Late night allotmenting…

I completed my second set of courses for the Field Studies Council this evening. I’ve hugely enjoyed creating the courses and teaching. Visiting the allotment was the perfect wind down after a lovely online session.

The pond is teaming with tiny frogs, everything is lush and full of life.

Linden blossom and honey suckle scent marked our path. Roses trailed over the plot borders.

I think I will sleep well tonight 🙂

I’m looking forward to running the two courses again in the Autumn term. If you are interested in joining, you can find more out about them here:

*Exploring Nature Writing

*Developing Nature Writing

Both courses are run virtually. Students download and complete course tasks which are followed up by a 40 minute zoom at the end of each week. They will be running again during September and October 2021.

Find of the week… The Mint Moth

I was actually looking for frogs (for the children to inspect), when I stumbled over two of these stunning moths resting on the oregano in the allotment herb border.

About the size of a five pence piece , they are absolutely beautiful. Wings the colour of red velvet cake with lemon yellow splashes. The tips of the wings fading to light feathers.

I love the contrast of colours against the gem green of the plant. Just beautiful ❤️

My daughter and I made moth inspired paintings after seeing them. It really helped me to appreciate the fine markings, I especially love the zebra stripes running across the main body.

Moths and butterflies are definitely the fashionistas of the natural world. Always such amazing patterns and colours.

The River Nidd Gorge…

This weeks adventure from Base Camp was to The River Nidd Gorge. Shallow enough for river swimming and quiet enough to hear nothing but bird song and rushing water.

We like to go in the early evening when the day walkers are returning home. I love the way the evening light filters through the trees. This week it was misty when we arrived adding an ethereal feel to the valley.

For more info about the Nidd Gorge click here.

Discovery of the week: Mysterious Toadstone Amulets

This week I was delighted when my daughter found a baby toad under a patch of grass on the allotment. A beautiful little creature, satisfyingly compact and full of character. (Don’t worry he was safely returned to his hiding place a few moments later).

I was doubly delighted to discover the poem Toad by Norman MacCaig via a Twitter feed. The last verse of the poem reads:

A jewel in your head? Toad,
you've put one in mine,
a tiny radiance in a dark place.

I love a poem that raises questions. ‘A jewel in the head?’ had me intrigued. A quick google later I discovered there is such a thing as a ‘toadstone’ a highly polished stone which was thought in medieval times to hold magical powers and act as an amulet. They are in fact fossilised fish teeth! There is a great article here if you want the technical fossil info.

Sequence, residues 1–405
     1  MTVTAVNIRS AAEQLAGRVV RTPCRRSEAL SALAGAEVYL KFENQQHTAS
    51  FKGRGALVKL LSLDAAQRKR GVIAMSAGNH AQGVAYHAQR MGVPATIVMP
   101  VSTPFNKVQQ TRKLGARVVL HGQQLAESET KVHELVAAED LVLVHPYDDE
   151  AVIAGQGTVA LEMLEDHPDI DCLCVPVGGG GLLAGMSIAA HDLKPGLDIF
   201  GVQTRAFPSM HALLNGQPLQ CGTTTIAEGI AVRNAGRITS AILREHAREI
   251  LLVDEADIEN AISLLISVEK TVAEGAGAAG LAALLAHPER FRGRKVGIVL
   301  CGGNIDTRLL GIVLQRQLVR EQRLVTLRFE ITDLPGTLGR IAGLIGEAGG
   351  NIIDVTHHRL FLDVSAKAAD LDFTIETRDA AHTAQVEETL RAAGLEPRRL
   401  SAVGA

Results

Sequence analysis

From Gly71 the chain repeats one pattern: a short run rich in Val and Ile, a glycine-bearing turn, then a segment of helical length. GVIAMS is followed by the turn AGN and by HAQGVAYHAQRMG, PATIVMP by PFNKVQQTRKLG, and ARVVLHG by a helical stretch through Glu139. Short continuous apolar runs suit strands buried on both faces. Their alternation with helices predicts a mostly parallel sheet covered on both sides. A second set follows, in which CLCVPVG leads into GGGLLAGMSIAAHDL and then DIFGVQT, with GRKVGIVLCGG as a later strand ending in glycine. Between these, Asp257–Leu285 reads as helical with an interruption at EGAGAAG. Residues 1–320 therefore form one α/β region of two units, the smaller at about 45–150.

A toad stone was thought to sweat if venom or poison was detected and protect the wearer from the effects. My favourite part of the information on the ‘Wartski’ web page is that in ‘1658 the English cleric Edward Topsell suggested a method of harvesting toadstones by placing a toad on a red cloth and waiting for it to cough up the stone.’

Fascinating!

I once read of a toad that lived in an enclosed courtyard in France for 50 years, quite happily, it sounds like an urban myth, if only I could find the article again! Ah well 🙂 I will satisfy myself with the thought of magical toadstone amulets instead.

This mornings adventure…creative writing inspiration.

There’s nothing like a car boot as inspiration to create a story. A rich resource for creativity and writing prompts, although I find myself pondering human life and our detachment from the natural world. If only we realised how transient life is, our attachment to ‘stuff’ is quite strange.

The verges on the way home to base camp were where I found the real treasures.

Find of the week… Song Thrush / Mistle Thrush / Blackbird?

This week we found a nest in the lean to against our shed. On peeking in I thought at it was a Mistle Thrush, but on further investigation I think we may have a blackbirds nest (also a type of thrush).. This got me researching the difference between the – Blackbird, Song Thrush and Mistle Thrush and also discovering that they can cross breed.

Here is a poem I created from my findings!

Mistle Thrush

Mistle Splashed

Throstle

Sound Spilling

In undulating notes

And stops.

Storm Cock

Wing Tipped

Lightning bodied

Warbler.

Fiercly guarding

Jewelled Berries

Throaty Rattle

Hedgrow

Warning.